- They were untrained in traditional army behavior. They often practiced bad hygiene, which led to the spread of disease.
- The militia had varying terms of service, which tended to force commanders into battles in which they were unprepared.
The militia was not always a liability. In the battles of Lexington and Concord, Bunker Hill, Bennington, King's Mountain, and Cowpens, the militia fought well and inflicted high casualties on the British regulars.
With the exception of Cowpens, each of these battles shared a common theme in that the militia did not engage the British on open ground but rather fought behind redoubts or trees.
When the militia was given proper cover and allowed to engage in guerrilla tactics, the British were put at a disadvantage in the case of King's Mountain and Cowpens.
As stated previously, the regulars were made up of the lower class of society. This included the poor and criminals. The word criminals can be a bit of an overstatement when compared to the modern use of the word.
While there were certain men who had little character in both armies, most of the criminals were criminals due to their finances.
The Continental Regulars would become the army that General Washington wanted at the beginning of the war. Washington longed for men who would meet the British in the field and not run from battle.
He would begin training this regular army at Valley Forge, and they would enter their first test at the Battle of Monmouth, in which they took the field from the British.
They would also play a key role in the southern campaign of Nathanael Greene and during the Siege of Yorktown. They also helped keep General Clinton occupied in the north.
The Continental Regulars were different from the militia in that they entered into longer contracts and learned European warfare. The organization would lay the foundation for the modern United States Army.
One of the constant problems during the American Revolutionary War was the ability of the Continental Congress to select capable leaders. Men such as Horatio Gates, Charles Lee, and Benjamin Lincoln were given promotions over much better officers.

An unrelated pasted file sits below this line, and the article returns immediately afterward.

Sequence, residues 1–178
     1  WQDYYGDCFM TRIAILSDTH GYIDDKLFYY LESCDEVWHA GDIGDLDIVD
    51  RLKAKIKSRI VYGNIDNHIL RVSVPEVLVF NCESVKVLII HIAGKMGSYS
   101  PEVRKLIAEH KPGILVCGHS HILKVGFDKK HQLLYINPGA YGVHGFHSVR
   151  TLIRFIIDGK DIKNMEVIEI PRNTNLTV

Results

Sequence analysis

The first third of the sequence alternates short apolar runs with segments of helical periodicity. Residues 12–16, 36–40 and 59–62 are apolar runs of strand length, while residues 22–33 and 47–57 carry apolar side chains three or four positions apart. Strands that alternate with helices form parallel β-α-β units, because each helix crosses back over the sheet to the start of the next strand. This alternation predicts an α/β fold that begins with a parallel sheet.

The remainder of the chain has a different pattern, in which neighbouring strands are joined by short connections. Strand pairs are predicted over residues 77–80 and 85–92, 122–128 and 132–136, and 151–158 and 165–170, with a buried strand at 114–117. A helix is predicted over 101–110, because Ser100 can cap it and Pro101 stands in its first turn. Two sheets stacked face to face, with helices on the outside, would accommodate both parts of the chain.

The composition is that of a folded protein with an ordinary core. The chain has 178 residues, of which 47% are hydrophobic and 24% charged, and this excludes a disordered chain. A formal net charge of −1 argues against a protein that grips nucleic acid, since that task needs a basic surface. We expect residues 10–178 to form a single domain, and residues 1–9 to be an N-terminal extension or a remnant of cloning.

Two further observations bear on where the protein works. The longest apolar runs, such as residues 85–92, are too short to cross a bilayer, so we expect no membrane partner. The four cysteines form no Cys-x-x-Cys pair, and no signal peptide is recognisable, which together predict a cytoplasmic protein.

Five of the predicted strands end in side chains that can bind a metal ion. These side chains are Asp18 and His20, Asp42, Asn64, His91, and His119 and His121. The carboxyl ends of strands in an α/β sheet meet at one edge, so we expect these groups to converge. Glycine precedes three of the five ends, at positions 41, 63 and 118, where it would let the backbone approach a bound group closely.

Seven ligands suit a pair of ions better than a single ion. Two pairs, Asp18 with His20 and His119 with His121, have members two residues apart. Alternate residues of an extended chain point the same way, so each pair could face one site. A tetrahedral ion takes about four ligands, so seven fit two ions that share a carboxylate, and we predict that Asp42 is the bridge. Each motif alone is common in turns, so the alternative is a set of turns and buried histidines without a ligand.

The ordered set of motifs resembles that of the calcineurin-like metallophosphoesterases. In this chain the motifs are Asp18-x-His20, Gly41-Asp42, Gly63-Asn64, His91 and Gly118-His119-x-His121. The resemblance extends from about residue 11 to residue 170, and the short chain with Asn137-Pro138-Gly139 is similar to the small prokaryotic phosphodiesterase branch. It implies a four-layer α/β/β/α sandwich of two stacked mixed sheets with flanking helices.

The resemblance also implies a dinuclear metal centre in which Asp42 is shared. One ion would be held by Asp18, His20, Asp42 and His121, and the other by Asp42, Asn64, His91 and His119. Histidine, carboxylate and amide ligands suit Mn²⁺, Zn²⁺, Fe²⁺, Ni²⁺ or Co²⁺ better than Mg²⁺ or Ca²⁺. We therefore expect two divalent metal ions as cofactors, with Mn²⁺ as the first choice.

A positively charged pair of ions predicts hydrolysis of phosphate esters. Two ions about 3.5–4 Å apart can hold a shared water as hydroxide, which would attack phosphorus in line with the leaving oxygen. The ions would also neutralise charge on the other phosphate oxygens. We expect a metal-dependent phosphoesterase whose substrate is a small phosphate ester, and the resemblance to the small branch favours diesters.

These promotions were given due to their affluence and notoriety rather than their ability. Men such as Nathanael Greene, Daniel Morgan, Francis Marion, and Benedict Arnold were overlooked. This would ultimately lead to Arnold's treason and Morgan's resignation after Saratoga.
George Washington was also criticized by many of his peers. Men such as Horatio Gates and Charles Lee sought to remove him from his position of Commander-in-chief.
As fortunes would have it, Charles Lee was captured by Banastre Tarleton and then embarrassed at the Battle of Monmouth, that resulted in a court-martial.
Horatio Gates participated in the Conway Cabal that sought to replace Washington as the head of the Army and institute Gates. The cabal was short-lived but carried some notable names from Congress. Gates' military career would also end in disgrace when he fled the battlefield at Camden.
Nathanael Greene and Daniel Morgan are two officers who rose in rank based on merits alone. They did not have a wealthy family, nor did they have the military credentials. Both would prove their worth in the Southern Campaign that would ultimately pin Cornwallis down in Yorktown.